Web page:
Summary of Antony Gormley
A highly celebrated contemporary sculptor whose works are globally recognizable, Antony Gormley is most famous for his large-scale public art interventions. Gormley is fascinated by the human form and he references it in most of his work, with sculptures that range from the semi-realistic to the semi-abstract. One of Gormley's reoccurring motifs is his use of multiple human figures within a single work, situating them in unexpected natural or urban locations. In doing so, he questions how humans interact with the environment and how they fit into the landscape that they inhabit. The fragility of the human form is contrasted with Gormley's use of industrial materials such as concrete and cast iron, which bring materiality and solidity to his work, giving them a sense of permanence and allowing them to survive in the outdoor environments in which they are often placed. Gormley is widely regarded as Britain's best-known sculptor with permanent public artworks existing in locations around the world, including Liverpool's Crosby beach, the Austrian Alps, and Sao Paolo in Brazil. He continues to work actively to date and has recently branched into more digitally-informed projects.
- In his earlier work Gormley used his body as both source and tool, creating indentions, shapes and replicas of his own form. Although, he has now stepped back from the production side of his artwork, he continues to use casts or models of his own body in many of his works. In doing so, his form exists as both himself and an Everyman representing the wider population, as he notes, "the instrument is particular, the ambition universal".
- Some of Gormley's most prominent works, including his Turner Prize winner Field (1991), contain significant elements of collaboration, with communities engaging with the artist to produce the constituent parts of the artwork under his direction. In other pieces, individual components are informed by casts or measurements taken from the bodies of volunteers as in Allotment (1995) and Domain Field (2003). The effect of this cooperative effort is the creation of work that, when initially viewed, appears to present a homogeneous mass of humanity, but when inspected more closely is made up of distinctly individual shapes.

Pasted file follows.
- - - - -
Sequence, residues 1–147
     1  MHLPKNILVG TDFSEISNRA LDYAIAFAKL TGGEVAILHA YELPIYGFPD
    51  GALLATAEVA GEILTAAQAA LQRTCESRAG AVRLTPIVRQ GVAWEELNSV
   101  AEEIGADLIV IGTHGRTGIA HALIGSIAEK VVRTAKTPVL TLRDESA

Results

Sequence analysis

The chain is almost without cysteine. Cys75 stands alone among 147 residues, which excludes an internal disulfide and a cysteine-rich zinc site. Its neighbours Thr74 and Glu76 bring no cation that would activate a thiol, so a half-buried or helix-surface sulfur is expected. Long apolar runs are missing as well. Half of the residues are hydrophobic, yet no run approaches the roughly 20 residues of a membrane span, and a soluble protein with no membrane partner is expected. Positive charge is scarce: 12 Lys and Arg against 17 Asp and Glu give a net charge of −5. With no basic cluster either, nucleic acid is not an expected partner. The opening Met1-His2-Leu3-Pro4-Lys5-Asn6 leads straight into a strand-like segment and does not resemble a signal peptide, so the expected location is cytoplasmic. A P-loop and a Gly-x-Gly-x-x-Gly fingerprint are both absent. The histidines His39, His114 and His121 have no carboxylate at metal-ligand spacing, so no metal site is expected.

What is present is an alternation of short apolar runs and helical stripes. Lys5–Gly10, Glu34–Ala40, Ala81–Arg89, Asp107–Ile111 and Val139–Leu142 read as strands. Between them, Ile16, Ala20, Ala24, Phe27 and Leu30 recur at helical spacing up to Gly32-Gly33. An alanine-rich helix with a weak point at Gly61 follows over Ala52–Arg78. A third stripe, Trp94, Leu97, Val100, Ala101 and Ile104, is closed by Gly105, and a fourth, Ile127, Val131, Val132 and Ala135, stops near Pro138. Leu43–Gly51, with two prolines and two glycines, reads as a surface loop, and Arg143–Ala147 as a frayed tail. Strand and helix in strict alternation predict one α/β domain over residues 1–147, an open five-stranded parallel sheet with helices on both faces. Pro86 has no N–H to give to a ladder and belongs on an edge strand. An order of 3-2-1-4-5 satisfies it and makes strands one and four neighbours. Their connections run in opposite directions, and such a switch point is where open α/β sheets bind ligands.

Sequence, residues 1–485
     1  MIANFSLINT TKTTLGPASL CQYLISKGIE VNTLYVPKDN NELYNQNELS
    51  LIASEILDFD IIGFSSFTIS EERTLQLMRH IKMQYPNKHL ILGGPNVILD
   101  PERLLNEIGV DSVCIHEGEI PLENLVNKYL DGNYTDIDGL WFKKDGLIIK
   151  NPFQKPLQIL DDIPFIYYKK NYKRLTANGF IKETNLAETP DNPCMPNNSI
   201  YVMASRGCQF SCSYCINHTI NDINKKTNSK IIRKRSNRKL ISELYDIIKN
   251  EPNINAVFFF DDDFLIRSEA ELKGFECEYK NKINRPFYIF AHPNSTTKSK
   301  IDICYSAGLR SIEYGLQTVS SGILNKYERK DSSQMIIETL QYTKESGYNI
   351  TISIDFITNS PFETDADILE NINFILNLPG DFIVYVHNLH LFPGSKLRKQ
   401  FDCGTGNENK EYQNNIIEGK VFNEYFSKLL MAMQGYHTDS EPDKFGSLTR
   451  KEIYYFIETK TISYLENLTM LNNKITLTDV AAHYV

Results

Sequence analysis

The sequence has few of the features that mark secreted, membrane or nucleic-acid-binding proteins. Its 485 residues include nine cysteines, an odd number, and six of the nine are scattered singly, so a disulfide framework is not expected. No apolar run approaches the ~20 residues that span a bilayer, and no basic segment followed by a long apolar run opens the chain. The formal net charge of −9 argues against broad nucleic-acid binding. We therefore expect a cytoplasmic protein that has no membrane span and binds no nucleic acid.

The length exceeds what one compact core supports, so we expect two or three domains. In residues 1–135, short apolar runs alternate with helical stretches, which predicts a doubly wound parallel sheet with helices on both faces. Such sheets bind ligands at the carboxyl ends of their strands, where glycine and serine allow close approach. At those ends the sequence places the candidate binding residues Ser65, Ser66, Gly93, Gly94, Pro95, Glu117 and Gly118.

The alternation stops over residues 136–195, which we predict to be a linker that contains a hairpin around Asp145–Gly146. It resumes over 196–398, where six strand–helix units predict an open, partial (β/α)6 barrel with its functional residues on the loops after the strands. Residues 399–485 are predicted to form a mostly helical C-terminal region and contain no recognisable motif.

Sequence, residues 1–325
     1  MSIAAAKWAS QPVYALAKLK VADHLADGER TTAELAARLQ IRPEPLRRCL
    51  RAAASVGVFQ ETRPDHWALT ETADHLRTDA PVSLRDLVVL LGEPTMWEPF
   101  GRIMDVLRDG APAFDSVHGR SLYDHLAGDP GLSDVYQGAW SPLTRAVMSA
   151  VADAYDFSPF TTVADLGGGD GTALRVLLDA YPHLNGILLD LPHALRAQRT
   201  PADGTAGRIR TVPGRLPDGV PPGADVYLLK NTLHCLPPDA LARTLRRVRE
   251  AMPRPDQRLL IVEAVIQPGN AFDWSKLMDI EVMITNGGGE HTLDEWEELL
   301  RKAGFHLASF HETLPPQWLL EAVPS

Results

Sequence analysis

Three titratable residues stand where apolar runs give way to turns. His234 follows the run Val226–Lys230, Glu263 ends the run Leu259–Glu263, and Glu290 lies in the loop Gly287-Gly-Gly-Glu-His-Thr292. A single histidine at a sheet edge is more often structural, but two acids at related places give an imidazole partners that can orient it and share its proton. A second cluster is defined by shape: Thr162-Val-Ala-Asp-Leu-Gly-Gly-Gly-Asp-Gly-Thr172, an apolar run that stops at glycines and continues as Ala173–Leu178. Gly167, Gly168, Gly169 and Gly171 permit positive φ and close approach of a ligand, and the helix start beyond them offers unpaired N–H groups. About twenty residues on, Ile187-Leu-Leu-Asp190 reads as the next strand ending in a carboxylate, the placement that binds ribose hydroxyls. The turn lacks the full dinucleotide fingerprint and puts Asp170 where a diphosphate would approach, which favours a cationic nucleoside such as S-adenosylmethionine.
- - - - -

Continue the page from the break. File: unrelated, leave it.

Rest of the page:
- Gormley's figures are neutrally posed, simplified, repetitive, and lack facial features. This removes the ability of the viewer to draw emotional cues drawn from expression and posture and it is, therefore, hard to place a direct narrative interpretation on his works. The figures simply exist in the environment in which they've been placed, but their presence and appearance leads to a feeling of the uncanny. They are recognizably human, particularly from a distance, but on close inspection their humanity is less apparent. In the same manner, their placement within the landscape populates the space, but the figures lack sentience. This uncomfortable reaction to the pieces, in conjunction with the vastness of many of Gormley's installations, marks his work with a connection to the sublime, an effect common in Romanticism and particularly the works of painter Caspar David Friedrich.
Biography of Antony Gormley
Antony Gormley’s figures have towered over hilltops, appeared precariously on university rooftops and perched 2,000 meters above sea level on Alpine mountaintops. But the sculptor said: "I've never been interested in making statues. I have been interested in asking what is the nature of the space a human being inhabits.”